gardening, nature, vintage

If you don’t like the weather…

Y’all know the saying… If you don’t like the weather in (enter your region), just wait a minute… Though too much a cliche, no truer words have ever been spoken about this week’s weather here in North Texas.

Six days ago, we were battening down the hatches and filling our pantries and readying ourselves for a good old fashioned Texas ice storm. Most of the Dallas-Fort Worth metroplex hung out the “closed” sign as three rounds of sleet and freezing rain made the region one large ice skating rink.

Today? Wearing shorts and a T-shirt and giving thanks for making it through the past week unscathed, thankyouverymuch. But please bear with me as I share a few more photographs from my frozen melodious garden, taken this past week.

I know.

The ice storm is behind us now; let’s move on and look ahead to spring! But it is always a good reminder that even a few days of severe weather impacts our gardens and the wildlife that inhabit our gardens, long after we humans have moved on.

No croquet games played last week.

Even my meditating gnome (below) seemed cold.

I have collected Campania statuary since I worked at Redenta’s Garden 20plus years ago. I love picking out pieces that represent who I am, my interests and my hobbies. Each piece is so special to me. The gnome and fairy, shown above and below, are both Campania pieces. (Sadly, I dropped something on the bowl of the fairy a few years ago and broke a chunk off. It just reminds me that while we are all broken in some way, we are still beautiful.)

More vintage around the garden. I love using bed frames as trellises or to mark off different areas of the garden. (Above photograph.)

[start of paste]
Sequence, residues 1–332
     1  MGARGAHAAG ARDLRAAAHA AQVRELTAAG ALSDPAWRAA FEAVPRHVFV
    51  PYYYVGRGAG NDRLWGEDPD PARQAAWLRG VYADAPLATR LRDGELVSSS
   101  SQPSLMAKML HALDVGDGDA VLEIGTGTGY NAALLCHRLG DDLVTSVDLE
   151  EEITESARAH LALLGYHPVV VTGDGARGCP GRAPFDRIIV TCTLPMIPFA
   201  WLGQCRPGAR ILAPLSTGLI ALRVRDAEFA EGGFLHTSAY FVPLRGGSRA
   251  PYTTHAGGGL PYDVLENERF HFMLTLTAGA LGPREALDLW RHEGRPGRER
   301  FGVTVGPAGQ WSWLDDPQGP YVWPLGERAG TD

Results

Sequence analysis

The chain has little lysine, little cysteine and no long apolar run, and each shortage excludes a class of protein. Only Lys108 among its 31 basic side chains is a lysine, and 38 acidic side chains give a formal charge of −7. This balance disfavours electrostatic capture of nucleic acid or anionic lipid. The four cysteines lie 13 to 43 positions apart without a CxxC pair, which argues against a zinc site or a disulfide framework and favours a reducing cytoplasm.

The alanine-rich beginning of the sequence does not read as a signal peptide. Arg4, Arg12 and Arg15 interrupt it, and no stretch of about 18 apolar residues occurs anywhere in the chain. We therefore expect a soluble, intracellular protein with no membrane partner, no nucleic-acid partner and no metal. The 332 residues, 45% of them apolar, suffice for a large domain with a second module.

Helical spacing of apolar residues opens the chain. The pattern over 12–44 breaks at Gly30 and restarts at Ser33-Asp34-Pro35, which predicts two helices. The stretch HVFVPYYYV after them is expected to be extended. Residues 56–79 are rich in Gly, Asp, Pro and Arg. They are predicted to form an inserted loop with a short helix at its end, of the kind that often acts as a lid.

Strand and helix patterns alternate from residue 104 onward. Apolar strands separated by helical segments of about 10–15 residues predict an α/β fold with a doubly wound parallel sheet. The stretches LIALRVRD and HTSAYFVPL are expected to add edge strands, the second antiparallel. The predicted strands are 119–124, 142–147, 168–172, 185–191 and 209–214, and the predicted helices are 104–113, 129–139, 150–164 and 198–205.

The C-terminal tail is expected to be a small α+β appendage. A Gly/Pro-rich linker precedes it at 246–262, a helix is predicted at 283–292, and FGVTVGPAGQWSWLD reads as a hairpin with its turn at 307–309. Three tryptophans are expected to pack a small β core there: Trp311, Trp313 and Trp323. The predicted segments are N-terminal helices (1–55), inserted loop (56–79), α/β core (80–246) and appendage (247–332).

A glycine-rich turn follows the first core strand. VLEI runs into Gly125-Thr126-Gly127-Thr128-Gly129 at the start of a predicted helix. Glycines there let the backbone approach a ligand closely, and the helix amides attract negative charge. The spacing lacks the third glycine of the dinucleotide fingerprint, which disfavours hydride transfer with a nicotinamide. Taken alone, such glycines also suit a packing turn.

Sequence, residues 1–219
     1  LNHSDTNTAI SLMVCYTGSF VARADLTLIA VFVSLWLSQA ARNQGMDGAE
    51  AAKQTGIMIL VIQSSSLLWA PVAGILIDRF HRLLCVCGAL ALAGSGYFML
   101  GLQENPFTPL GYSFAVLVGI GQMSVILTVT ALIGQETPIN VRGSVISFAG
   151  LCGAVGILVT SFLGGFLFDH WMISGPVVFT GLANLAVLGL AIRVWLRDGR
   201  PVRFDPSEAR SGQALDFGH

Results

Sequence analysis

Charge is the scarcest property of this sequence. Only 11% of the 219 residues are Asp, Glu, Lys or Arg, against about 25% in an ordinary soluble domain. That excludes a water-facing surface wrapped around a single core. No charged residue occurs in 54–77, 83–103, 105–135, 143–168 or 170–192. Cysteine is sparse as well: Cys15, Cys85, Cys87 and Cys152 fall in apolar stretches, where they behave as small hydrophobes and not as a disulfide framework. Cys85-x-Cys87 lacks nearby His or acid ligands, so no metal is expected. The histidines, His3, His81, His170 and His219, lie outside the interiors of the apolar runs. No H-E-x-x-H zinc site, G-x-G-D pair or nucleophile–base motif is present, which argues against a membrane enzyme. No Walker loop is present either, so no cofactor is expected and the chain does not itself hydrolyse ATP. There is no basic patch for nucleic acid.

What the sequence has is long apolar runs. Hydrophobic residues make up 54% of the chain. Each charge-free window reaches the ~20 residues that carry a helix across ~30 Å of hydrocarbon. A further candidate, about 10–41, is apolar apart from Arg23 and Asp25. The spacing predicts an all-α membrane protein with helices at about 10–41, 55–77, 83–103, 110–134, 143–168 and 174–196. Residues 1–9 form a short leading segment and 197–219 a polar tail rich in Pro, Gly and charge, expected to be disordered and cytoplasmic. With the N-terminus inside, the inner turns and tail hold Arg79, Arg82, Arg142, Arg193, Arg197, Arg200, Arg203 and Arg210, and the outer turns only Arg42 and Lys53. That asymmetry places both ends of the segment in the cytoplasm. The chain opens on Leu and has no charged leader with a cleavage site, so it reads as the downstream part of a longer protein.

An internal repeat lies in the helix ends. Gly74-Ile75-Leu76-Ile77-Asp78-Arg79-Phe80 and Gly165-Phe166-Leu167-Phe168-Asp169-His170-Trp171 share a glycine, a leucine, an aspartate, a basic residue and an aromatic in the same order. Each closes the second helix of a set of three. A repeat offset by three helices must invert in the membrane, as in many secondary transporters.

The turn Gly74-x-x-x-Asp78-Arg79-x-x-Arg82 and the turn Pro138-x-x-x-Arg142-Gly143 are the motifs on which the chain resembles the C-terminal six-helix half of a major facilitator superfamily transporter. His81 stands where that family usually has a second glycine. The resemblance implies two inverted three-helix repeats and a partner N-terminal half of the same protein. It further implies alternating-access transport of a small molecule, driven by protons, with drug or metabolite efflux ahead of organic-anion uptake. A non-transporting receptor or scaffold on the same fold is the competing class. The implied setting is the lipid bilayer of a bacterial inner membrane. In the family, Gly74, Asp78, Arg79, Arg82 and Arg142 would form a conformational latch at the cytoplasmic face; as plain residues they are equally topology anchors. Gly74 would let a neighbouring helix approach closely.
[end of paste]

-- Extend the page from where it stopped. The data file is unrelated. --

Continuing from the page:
Bear with me while I prattle on a bit about the messy photograph above…

When my now adult age son was much younger, we read together Frances Hodgson Burnett’s The Secret Garden. My son was enthralled with the idea of having his very own secret garden, though he quickly decided he wanted the area to be his very own observation point for wildlife. Thus began “The Secret Biology Lab.” I happily obliged in helping him set up his own space in my overfilled garden. (Read: as in the book, my own garden was somewhat untended, thanks to motherhood…) We crawled to the back fence line, hidden by years of shrubbery left to grow wild. Among the accessories that went in to the secret biology lab, the basket (above) attached to the fence and for years filled with acorns and dried corn on the cob.

Last year I undertook a massive garden deconstruction and renovation project. That line of shrubbery was slated to be removed, having long outlived their usefulness and not in alignment with my current desires. But first, I had to text my son, away at college, and ask him if he would mind if I dismantled his secret biology lab. His response? “Uh… You still have that?” I think he was a tad embarrassed…

Having cleared that hurdle, I shed a few tears, reflected back on those younger days, removed my son’s discarded Tonka truck and the pink flamingo “Welcome” sign he wanted to mark the entrance to his secret biology lab… then I ordered my trusty garden assistant, the dear husband, to take the chainsaw to the shrubs.

To new beginnings! It is never too late to start over, redo, undo, move on!

I decided to leave the basket on the fence and do find it rather useful to hold assorted garden items. The fencing and landscaping pins landed there “for another day, for another project…” Until then – it is a great juxtaposition. The past – the basket – and the future – what project next? – frozen in time. Or frozen in ice, as it is. Someday I will reflect more on the dismantling of the secret biology lab. Good lessons to be learned. Good reasons to never cement anything in place. Until then… A few more frozen photographs!

I love this little… bird? chicken? Not quite sure what it is, but I love it all the same. (Above photo.)

I love to mix different elements and pieces of color around the garden. A very modern, very boho windchime. (Above)

Two frozen cherubs, acquired at an auction. Auctions, estate sales, antique markets and thrift stores are all great sources for unique garden items. A garden, like a home, should be filled with treasures, lovingly collected!

Happy gardening. And remember: It is only February. Yes, we are wearing shorts now, but our average last freeze date isn’t until mid-March. A lot can happen between now and then, so Keep Calm and Garden On! But keep the frost cloth handy and don’t plant those tomatoes outside just yet!

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